Book No 8 (2015) : The Night Guest

Night guestFrom my childhood, I remember the story of the Emperor’s New Clothes, where the vain emperor is conned into parading the streets wearing a suit of clothes which is invisible to anyone either unfit for office, or ‘unusually stupid’. Of course, the ruler is actually stark, bollock naked and only one little boy speaks up, primarily because he is too young to understand the significance of not keeping up the charade. Reading ‘The Night Guest’ by Fiona McFarlane reminded me of the story. Only, I am not sure if I am the child in the crowd or an idiot! As with other books I have found which are preceded by pages of plaudits and praise (there are 21 reviews in the front of this paperback), I wonder if a couple of critics thought it was great, then everyone else joined in so they didn’t look daft!

Ruth is an elderly widow living alone in a house by the sea, with just her two cats for company. Her two grown-up sons speak to her infrequently by phone; their mother seems to be ‘out of sight, out of mind.’ At night, Ruth senses a tiger prowling around in her house. Being aware of Ruth’s obviously precarious grip on reality, the reader should be pleased when a government carer named Frida arrives to assist Ruth in her own home. But in fact, Frida is rather a dodgy character, and I was suspicious of her from the outset. Sure enough, as Ruth depends more and more upon Frida, the carer’s behaviour and actions become increasingly sinister.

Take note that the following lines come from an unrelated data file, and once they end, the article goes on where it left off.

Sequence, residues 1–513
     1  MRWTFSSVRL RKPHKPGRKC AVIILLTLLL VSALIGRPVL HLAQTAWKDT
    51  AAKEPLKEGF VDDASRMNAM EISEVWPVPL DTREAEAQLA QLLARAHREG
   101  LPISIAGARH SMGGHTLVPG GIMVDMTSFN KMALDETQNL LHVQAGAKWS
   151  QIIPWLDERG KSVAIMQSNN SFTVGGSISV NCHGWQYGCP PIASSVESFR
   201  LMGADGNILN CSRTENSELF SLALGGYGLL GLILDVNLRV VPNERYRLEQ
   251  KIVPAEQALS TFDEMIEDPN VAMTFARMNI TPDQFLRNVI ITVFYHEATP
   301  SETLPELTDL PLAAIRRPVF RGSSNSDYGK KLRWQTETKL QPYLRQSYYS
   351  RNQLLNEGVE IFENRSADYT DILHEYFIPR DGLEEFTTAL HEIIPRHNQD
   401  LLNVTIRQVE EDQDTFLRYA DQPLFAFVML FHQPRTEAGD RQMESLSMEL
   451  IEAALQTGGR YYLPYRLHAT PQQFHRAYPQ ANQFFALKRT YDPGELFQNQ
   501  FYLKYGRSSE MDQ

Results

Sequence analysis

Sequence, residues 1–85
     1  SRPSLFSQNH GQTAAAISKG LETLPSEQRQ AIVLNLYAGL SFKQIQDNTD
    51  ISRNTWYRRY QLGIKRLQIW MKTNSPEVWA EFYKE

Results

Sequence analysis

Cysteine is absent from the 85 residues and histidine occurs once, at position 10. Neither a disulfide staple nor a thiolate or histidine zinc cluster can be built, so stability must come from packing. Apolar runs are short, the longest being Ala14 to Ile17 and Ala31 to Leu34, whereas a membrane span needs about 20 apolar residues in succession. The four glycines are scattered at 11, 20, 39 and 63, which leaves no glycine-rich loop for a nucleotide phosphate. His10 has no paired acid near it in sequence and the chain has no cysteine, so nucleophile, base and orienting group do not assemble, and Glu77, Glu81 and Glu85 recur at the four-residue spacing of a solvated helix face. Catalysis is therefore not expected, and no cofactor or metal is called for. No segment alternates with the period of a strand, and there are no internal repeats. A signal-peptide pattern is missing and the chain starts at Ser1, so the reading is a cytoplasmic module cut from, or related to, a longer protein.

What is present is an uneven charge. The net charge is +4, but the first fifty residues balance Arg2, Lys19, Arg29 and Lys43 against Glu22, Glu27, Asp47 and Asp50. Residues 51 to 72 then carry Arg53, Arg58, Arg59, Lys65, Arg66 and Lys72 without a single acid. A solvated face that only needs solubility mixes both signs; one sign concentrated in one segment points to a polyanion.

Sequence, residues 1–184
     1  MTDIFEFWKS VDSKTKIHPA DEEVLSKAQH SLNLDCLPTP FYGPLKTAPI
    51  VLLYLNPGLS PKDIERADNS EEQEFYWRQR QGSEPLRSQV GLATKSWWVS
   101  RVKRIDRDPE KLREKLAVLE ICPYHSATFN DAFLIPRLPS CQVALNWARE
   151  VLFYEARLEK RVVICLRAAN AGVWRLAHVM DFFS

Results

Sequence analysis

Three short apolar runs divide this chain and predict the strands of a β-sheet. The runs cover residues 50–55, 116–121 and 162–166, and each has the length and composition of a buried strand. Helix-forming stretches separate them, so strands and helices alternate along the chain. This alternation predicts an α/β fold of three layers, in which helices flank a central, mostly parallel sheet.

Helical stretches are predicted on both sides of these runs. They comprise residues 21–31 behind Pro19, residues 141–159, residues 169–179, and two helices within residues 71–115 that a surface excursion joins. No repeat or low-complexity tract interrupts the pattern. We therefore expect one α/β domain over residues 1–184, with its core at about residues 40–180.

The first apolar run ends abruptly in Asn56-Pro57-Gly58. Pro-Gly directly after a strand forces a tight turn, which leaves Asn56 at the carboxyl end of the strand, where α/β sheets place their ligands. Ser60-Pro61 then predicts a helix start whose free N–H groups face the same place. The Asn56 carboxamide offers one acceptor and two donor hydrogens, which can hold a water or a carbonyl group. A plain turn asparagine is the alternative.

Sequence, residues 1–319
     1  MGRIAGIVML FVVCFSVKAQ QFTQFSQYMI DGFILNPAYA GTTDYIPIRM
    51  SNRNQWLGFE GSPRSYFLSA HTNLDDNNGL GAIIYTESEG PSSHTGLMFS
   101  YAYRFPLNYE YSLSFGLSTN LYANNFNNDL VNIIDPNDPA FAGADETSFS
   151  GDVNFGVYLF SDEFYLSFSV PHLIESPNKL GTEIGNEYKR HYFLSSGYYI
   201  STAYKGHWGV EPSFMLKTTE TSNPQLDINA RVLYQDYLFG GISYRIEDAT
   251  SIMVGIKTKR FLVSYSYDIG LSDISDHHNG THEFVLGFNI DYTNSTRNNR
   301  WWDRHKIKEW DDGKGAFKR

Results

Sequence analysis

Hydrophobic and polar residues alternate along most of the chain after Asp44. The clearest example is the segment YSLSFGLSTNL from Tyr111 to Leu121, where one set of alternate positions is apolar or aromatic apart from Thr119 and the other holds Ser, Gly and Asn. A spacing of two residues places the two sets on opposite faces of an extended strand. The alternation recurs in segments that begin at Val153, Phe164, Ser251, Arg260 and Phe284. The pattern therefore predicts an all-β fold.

As a narrator, Ruth is unreliable. Her short-term memory is clearly fading (she forgets to wash her hair) but her recollections of her youth in Fiji are more vivid. She is lonely and isolated, things get confused in her mind and these are presented in well-crafted prose: the author drops subtle hints like a crime thriller writer. I was able to pick up on the inferences and deduce what was actually happening but for me, the writing totally lacked tension. The conclusion of the story was not a psychological cliff-hanger, it was unsurprising. The book hasn’t haunted me. It ‘stalked the mind’ of Sebastian Shakespeare from The Tatler; it just followed me around for a bit. More of a homeless moggy than an awesome big cat.

As you will have figured, I just didn’t understand the hype surrounding this debut novel. As my teenager would say; ‘meh’. Just as Ruth’s tiger is elusive and only shows up at night, so the charms of ‘The Night Guest’ remained largely hidden to me. Don’t trust me on this one; I am obviously totally unfit for the office of amateur blogger!

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